Date of Award

Spring 5-15-2021

Author's School

Graduate School of Arts and Sciences

Author's Department


Degree Name

Doctor of Philosophy (PhD)

Degree Type



This dissertation is divided into three chapters, each of which explores a particular aspect of the effect of socio-political institutions on cooperation and conflict between diverse individuals. The first chapter shows how the relationship between diversity and cooperation changes with social norms. The second chapter investigates the relationship between cultural conflict and government regulation. The third chapter describes conditions on the distribution of preferences of legislators that allow legislative coalitions to induce a legislative gridlock and block reform.

In the first chapter, the notion of a `norm of compromise' is introduced and its importance for cooperation among agents with diverse preferences over a public policy is demonstrated. Agents choose to cooperate when they join a coalition and agree to support a commonly proposed policy that could be far away from their preferred policy. A norm of compromise is an exogenous protocol used by a coalition to arrive at this commonly proposed or `compromise' policy. I consider a parameterized class of norms in which the compromise policy's relative sensitivity to moderates and extremists in the coalition can be dialed. I study the effect of these norms on the stability of the grand coalition (or full cooperation) in a model where an agent faces a trade-off between compromise if she joins a coalition and increased risk if she does not. I find that polarization does not always reduce cooperation: it destabilizes the grand coalition under norms with low relative sensitivity to moderates but stabilizes it under norms with high relative sensitivity to moderates. This can lead to a situation where norms enabling cooperation in a polarized society do not enable cooperation in a homogeneous one. I also find the counterintuitive result that under some norms extremists are less willing to cooperate when moderates' preferences get closer to these extremists. This work sheds light on the emergence of cooperation within social movements like Black Lives Matter and the Arab Spring, where political actors compromise in the relative absence of formal institutional structures.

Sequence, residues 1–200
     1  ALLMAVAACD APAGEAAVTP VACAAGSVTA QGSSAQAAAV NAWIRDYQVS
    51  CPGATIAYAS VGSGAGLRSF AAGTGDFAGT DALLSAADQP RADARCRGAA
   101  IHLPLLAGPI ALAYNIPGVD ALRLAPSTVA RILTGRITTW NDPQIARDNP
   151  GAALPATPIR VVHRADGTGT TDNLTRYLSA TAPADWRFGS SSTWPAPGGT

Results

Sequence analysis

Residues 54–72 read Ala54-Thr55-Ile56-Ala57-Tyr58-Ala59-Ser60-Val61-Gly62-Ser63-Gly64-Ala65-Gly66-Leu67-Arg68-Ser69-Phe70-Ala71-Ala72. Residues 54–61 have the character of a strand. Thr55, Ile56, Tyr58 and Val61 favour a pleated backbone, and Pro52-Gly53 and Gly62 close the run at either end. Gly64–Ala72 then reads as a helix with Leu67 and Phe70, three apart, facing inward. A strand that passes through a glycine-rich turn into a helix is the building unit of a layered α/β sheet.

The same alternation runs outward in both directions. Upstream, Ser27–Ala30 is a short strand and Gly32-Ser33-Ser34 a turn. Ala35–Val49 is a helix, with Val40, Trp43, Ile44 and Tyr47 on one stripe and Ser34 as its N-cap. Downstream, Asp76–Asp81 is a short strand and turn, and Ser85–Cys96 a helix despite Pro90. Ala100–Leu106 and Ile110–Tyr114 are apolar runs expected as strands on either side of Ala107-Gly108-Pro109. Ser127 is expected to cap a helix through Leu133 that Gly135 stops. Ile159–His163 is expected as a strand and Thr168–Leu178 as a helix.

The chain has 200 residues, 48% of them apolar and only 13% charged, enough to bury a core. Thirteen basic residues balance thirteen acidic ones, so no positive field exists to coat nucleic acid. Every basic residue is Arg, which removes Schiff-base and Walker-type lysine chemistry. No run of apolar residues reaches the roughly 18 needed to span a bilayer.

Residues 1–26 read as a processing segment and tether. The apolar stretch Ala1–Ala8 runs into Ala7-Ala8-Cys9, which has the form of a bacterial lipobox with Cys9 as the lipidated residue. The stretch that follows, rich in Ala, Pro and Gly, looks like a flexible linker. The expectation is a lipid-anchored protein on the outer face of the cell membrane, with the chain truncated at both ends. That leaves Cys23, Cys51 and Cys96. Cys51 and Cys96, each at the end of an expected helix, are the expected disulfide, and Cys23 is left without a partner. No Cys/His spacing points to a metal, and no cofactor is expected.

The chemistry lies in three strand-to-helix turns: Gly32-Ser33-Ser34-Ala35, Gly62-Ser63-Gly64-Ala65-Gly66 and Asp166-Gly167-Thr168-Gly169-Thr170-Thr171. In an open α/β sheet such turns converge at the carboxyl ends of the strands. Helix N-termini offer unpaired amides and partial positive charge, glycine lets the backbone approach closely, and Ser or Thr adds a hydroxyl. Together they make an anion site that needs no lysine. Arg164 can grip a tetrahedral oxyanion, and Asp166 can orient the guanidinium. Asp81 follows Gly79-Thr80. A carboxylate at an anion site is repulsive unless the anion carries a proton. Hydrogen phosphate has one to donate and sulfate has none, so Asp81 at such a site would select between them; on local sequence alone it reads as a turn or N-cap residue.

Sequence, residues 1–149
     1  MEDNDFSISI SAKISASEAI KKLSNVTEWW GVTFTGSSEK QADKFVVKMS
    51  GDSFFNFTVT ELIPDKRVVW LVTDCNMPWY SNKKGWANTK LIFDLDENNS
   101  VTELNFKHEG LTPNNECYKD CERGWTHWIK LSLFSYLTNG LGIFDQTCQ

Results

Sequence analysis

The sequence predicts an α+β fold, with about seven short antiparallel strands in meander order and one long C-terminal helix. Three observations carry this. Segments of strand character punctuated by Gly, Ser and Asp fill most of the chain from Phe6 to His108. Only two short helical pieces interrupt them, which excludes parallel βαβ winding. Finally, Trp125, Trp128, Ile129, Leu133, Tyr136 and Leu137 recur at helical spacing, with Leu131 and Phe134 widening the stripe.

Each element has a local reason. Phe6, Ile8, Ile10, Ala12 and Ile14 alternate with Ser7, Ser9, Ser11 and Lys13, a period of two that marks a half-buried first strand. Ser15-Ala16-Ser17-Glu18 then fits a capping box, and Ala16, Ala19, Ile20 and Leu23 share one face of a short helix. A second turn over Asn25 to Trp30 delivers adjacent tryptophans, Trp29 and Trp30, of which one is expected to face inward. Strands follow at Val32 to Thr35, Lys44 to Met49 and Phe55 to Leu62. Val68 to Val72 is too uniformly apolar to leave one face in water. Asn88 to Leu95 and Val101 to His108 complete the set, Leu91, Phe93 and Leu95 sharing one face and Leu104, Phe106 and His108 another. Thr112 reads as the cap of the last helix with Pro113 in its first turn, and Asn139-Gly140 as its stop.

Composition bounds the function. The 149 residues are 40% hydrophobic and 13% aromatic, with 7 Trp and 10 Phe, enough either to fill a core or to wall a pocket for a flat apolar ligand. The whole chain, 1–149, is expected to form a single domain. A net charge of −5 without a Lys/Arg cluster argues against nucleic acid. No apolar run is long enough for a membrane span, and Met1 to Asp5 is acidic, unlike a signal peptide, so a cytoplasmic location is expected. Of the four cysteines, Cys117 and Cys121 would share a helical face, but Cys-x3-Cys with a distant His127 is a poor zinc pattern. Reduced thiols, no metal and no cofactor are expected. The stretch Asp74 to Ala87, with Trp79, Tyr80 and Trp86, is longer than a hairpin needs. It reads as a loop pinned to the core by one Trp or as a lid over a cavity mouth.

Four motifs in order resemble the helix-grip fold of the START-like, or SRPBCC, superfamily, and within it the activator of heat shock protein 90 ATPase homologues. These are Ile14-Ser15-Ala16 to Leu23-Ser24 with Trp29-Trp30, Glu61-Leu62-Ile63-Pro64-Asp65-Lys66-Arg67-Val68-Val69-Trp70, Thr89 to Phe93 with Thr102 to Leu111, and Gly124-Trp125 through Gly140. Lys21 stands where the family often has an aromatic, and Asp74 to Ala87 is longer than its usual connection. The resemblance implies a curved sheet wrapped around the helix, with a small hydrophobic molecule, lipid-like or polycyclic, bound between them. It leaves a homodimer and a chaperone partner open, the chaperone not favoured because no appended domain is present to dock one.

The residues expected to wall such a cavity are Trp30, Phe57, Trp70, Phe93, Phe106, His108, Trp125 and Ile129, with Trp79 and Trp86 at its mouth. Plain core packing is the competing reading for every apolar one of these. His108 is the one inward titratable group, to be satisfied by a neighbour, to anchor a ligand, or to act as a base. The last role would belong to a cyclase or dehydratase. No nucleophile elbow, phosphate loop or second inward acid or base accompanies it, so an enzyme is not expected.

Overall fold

The second chapter explores how social conflict generated through cultural diversity affects public policy. In the model, social conflict arises when culturally differentiated groups impose negative cultural consumption externalities on each other. These externalities can be mitigated by a government that uses taxation to reduce disposable income, thereby transforming cultural consumption into public good consumption. We link the size of equilibrium taxation to characteristics of the underlying distribution of cultural groups as well as to the local government's social welfare function. We test the predictions from our theoretical framework using U.S. city and county data from 1990. Controlling for a variety of socioeconomic and demographic indicators, we verify a key prediction: local taxes per capita are increasing in diversity as measured by ethnic fractionalization. We further document that other characteristics of the group size distribution have effects on local taxes per capita that are in line with our theoretical analysis.

Finally, the third chapter looks at possible conditions for legislative gridlock to occur within a majoritarian assembly with endogenous coalitions. Legislators possess Euclidean preferences over multiple policy dimensions and are ordered according to a multidimensional notion of the left vs. right divide. Gridlock occurs if no coalition can propose a reform that gains stable support. As a result, the status quo is maintained. We derive both necessary and sufficient conditions for the existence of a stable gridlock. These conditions depend on two measures characterizing a legislator’s ideology, which we call conservatism and extremism. Conservatism characterizes the attractiveness of the status quo relative to the median legislator’s preferred policy. Extremism measures the distance of an agent’s preference from the preference of the median legislator along the left-right divide. We show that gridlock can be a stable outcome only if a majority of legislators are sufficiently conservative and extremist. Moreover, gridlock occurs if a coalition that includes relatively conservative legislators located on both sides of the political spectrum tactically proposes a more conservative reform than the one that is preferred by the median legislator.


English (en)

Chair and Committee

Marcus M. Berliant

Committee Members

John J. Nachbar, Randall R. Calvert, Brian R. Rogers, Justin J. Fox,

Included in

Economics Commons